Salon del Vino – Part III

2005.Oct.13 Thursday · 2 comments

in Drink

Buenos Aires – Wrapping up the other night’s wine tasting:


As I’ve mentioned in the past, Uruguay is a true up and coming wine producing country. Currently only a couple of dozen wineries export, but several hundred produce, and more and more are looking to the fine wine and export market every month.

Casa Filgueira Premium Merlot 2002 – A juicy, light styled wine with good red fruit, but a lot of green, vegetal character characteristic of grapes picked while still unripe. Not recommended.

Pisano Arretxea Premium 2002 – A blend of various grapes from the Pisano winery (which if you’ve been following along you know is a favorite of mine), this wine is spicy, bright, full of red fruit, and has a long finish. Highly recommended.

Catamayor “Castillo Veijo” Cabernet Franc 2004 – Spicy, nicely balanced, a little fruit, and on the light side. Okay.

Viña Constancia Ariano Cabernet Franc 2004 – A very strong aroma and flavor of green olives, good red fruit, spice, and a long finish. Recommended.

Don Pascual Petit Verdot 2004 – Spicy, bright fruit, a little jammy, good finish, overall an extremely well made Petit Verdot. Highly recommended.


Chile, of course, is well known in the wine world both for decent table wines and for high end, world-class selections. For whatever reason, although there were Chilean wines “on the bar” in the Top 70, there were none being represented at separate tables, so I didn’t taste any from that class, just from the “regular” Chilean wine table.

Anakena Pinot Noir 2003 – Not a common grape for Chile, so of course I had to give it a try. Lots of sweet berry fruit, a bit vegetal, and completely out of balance. It was also, for some reason, being served rather warm. Not recommended.

Viña Chocalán Cabernet Franc Reserve 2003 – Very ripe plum flavors, almost sweet, floral, and a touch of peach. Plenty of oak, in fact, just a tad too much. Not recommended.


Steadily stronger and stronger in the international market, Argentina is definitely moving towards catching up with its western neighbor, Chile. Each year we see more selections of high quality fine wines of top caliber.

Dolium Reserve Malbec 2003 – Dark fruit, chocolate, spicy, great balance. Dolium has long been one of my favorite wineries from Argentina, and I think their “regular” Malbec is one of the best buys for this grape in particular. The reserve is even better. Highly recommended.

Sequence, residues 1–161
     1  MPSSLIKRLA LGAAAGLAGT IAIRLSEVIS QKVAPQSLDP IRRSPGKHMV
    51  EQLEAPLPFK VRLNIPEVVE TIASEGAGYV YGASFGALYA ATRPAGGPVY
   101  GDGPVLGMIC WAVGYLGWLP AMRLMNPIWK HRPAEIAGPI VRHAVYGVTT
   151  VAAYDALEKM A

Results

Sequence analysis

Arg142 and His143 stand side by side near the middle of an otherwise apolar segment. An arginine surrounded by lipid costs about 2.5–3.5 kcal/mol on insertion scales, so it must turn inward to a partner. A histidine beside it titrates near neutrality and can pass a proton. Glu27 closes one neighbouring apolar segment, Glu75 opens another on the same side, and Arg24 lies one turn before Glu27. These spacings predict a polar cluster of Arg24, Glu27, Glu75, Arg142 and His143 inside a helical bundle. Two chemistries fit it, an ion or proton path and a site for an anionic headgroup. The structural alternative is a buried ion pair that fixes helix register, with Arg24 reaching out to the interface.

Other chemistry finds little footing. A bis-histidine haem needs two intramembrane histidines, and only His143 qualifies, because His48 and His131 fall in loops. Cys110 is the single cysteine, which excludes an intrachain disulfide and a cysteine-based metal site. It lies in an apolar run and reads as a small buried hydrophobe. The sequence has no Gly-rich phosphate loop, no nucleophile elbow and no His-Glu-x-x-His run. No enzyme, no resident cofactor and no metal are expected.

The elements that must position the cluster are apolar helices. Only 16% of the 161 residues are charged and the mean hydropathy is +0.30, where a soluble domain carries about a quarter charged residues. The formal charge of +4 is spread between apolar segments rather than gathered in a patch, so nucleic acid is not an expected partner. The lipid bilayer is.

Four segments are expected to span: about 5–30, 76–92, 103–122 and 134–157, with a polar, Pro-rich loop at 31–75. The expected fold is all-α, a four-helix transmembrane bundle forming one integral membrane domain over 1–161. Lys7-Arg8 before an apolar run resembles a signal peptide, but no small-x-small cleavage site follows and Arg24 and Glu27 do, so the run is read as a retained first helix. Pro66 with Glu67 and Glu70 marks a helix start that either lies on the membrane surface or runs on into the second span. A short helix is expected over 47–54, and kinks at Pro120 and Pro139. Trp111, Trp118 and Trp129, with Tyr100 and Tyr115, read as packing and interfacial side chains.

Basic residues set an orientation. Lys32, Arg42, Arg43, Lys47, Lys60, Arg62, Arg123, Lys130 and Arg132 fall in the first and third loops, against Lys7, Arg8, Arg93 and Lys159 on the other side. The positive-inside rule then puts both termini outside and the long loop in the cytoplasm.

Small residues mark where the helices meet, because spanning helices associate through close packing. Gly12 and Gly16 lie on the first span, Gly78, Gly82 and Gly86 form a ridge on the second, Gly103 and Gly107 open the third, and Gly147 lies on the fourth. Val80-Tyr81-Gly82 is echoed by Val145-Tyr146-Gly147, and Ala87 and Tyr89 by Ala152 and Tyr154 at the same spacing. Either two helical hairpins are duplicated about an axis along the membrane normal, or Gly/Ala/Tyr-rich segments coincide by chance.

J. Alberto Malbec 2004 – The “second label” of Bodega Noemia, this is a spicy, big wine with tons of bright, ripe fruit, a touch of chocolate, and great length. I actually like this better than the “first label.” Highly recommended.

Bodega Noemia Malbec 2003 – I’m not sure if is the difference in the year, or just the style, but although this is a delightful wine with bright cherry fruit and spice, I found it a little short on the finish, and not as interesting as the same winery’s second label, above. Recommended.

Cadus Cabernet Sauvignon 2002 – A strong entry from another favorite winery, Nieto Senetiner. Lots of jammy black fruit, spice, and well integrated oak. A long finish. Highly recommended.

Kaiken Malbec 2003 – Although not stated on the label, the winery rep stated that this is actually the reserve bottling. It has good dark fruit, a touch of leather, and cocoa. Slightly alcoholic on the finish. Recommended.

Kaiken”Ultra” Malbec 2003 – A second entry from the winery, more or less the “grand reserve” of the line. More or less the same as above, but very closed right now. Recommended.

Kaiken “Ultra” Cabernet Sauvignon 2003 – Dark fruit, very strong tannins, and very closed right now. Lots of structure and I imagine it will open up nicely in a year or two. Recommended.

Pulenta Estate Cabernet Sauvignon 2002 – Extraordinarily vegetal, like stewed tomatoes, some red fruit, very little else going on. Not recommended.

Pulenta Estate Malbec-Cabernet Sauvignon 2002 – A 60:40 blend of the two grapes, I can’t really say anything more about this than the pure Cabernet above. Not recommended.

Trapiche “Ciento Veinte Años” 2002 – A classic “Bordeaux blend,” i.e., Cabernets Sauvignon and Franc, Merlot, Malbec, and Petit Verdot; this is a spicy, bright wine, with lots of fruit, lots of structure, and great balance. Highly recommended.

Martina Chapanay 2003 – A blend of both Cabernets, Malbec, Tempranillo, Syrah, and Bonarda, from winery Don Doménico, this is a spicy wine with a decent amount of red fruit, but a very short finish. Recommended.


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